Aero Peek is Windows 7's answer to this dilemma. A narrow horizontal bar at the far end of the Windows task bar, Aero Peek displays the contents of the Windows desktop whenever you move your mouse cursor over the Aero Peek bar. Mouse the mouse cursor away, and the contents of your desktop reappear just as they were. Clearly Aero Peek will be most useful to those who have one or more gadgets fixed to their Windows desktops. To actually click anything on the desktop, you will still need to minimise one or more applications.

Taskbar previews

If you have five browser windows open and minimised, what's the best way to find out which one you'd like to call up again? Previously, the best solution was to Alt-Tab your way through all of those windows. Unfortunately, alt-tabbing still left you guessing, as you had only small icons and part of the text that appeared in title bars to assist you in finding the instance you wanted. Windows 7 adds a nifty taskbar preview feature that will put an end to the guessing. With taskbar preview, if you have five browser windows open and minimised, all of those browsers will be condensed onto one icon on the taskbar, and when you mouse your mouse to that icon, you'll see a long vertical strip containing very legible previews of the contents of all five browser windows. Move to the one you want, click, and you are done.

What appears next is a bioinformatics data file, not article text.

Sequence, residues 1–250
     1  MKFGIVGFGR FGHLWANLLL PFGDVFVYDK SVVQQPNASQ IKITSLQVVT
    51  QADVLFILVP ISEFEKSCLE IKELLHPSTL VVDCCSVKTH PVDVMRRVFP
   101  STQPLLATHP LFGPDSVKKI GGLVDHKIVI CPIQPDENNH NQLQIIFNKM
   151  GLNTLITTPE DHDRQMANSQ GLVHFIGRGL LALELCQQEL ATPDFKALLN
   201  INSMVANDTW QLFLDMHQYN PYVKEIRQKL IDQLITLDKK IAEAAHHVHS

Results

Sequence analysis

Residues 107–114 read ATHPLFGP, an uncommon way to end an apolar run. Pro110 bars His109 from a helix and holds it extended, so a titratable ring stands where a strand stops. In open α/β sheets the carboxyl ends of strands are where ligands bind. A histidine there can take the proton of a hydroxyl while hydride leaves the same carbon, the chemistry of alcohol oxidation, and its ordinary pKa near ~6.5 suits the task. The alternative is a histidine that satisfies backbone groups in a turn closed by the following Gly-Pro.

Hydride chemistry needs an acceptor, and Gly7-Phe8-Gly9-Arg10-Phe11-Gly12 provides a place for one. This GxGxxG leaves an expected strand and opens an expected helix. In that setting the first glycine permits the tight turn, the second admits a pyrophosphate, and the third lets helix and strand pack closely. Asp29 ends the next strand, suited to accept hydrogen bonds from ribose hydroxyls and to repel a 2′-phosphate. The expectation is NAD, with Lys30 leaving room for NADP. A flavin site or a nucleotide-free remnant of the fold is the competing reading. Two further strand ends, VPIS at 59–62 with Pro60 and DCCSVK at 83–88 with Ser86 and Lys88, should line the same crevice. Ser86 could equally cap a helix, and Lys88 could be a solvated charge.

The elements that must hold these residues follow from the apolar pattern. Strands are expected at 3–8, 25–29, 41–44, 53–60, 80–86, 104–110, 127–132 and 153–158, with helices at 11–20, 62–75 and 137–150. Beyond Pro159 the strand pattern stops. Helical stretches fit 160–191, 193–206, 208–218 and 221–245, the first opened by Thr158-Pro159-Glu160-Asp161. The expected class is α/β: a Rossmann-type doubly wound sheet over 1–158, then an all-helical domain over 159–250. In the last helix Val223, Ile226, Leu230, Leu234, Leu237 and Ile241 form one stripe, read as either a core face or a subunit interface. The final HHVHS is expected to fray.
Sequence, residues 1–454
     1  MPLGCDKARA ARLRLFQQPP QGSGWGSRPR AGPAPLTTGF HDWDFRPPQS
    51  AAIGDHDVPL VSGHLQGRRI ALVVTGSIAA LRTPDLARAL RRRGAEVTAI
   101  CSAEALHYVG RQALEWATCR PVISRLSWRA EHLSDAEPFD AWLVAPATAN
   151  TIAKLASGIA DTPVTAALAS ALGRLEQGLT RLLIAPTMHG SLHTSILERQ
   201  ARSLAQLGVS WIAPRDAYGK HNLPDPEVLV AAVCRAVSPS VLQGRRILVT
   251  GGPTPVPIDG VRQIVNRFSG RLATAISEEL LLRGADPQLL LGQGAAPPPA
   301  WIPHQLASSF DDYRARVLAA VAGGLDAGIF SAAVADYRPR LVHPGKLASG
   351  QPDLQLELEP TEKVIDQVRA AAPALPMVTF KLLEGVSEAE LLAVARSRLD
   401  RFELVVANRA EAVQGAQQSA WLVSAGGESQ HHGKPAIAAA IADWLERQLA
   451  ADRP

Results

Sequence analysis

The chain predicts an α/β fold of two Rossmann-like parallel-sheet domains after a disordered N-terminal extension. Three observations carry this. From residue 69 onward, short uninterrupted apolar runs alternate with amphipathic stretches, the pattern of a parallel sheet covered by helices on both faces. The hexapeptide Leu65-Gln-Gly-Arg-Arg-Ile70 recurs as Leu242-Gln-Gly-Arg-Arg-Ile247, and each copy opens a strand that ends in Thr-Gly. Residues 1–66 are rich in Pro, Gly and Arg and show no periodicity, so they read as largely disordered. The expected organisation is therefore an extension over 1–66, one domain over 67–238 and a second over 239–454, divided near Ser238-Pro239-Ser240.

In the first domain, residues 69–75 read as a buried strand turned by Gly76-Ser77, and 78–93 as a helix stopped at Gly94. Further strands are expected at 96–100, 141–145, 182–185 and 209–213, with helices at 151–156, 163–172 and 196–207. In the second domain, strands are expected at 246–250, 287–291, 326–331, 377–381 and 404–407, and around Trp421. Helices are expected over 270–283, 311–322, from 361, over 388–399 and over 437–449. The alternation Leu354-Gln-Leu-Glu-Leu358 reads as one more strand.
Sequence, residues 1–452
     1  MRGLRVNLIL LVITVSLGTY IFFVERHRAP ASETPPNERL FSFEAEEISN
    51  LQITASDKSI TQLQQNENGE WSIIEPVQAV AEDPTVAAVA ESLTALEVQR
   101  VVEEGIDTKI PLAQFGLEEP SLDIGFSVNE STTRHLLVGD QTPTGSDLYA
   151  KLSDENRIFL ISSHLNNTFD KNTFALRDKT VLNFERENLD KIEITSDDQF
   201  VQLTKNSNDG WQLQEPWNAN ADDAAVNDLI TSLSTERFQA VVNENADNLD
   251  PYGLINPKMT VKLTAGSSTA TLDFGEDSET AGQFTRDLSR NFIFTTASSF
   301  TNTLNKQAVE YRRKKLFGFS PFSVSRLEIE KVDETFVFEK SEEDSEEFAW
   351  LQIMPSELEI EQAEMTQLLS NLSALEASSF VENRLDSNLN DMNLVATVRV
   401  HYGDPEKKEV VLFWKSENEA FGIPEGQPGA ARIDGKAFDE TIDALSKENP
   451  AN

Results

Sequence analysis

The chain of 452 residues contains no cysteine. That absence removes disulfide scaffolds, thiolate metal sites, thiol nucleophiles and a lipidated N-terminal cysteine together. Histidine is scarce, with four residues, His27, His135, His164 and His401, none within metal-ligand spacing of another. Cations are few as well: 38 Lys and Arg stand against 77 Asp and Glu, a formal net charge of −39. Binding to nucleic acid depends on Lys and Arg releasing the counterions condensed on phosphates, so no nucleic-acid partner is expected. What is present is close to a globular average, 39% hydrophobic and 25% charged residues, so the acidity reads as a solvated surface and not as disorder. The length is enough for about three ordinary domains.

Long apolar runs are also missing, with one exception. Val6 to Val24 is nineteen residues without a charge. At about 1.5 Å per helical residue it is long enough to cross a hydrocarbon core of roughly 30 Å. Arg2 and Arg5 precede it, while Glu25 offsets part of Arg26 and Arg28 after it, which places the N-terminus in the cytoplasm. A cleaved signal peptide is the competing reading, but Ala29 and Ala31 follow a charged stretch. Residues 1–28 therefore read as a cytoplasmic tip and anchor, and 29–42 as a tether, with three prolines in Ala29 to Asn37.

Windows 7 is going to allow you to do away with a range of programs that you previously had to purchase separately, and antivirus is just the first - but probably the most significant - of these.

Microsoft's first foray into the antivirus arena came with Windows Live OneCare, a capable antivirus utility that was remarkable for its unobtrusiveness and its small footprint. Windows 7, however, will not support OneCare, and the reason is code-named Morro, Microsoft's new comprehensive anti-malware software.

Still under development, Morro will do what most people look for in antivirus programs - protect your computer against spyware, viruses, and Trojans - and it will do it for no charge. When Microsoft first announced Morro, the stock prices of antivirus makers Symantec and McAfee took a dive. But Microsoft claims that Morro is not designed to replace the more comprehensive security suites offered by these companies.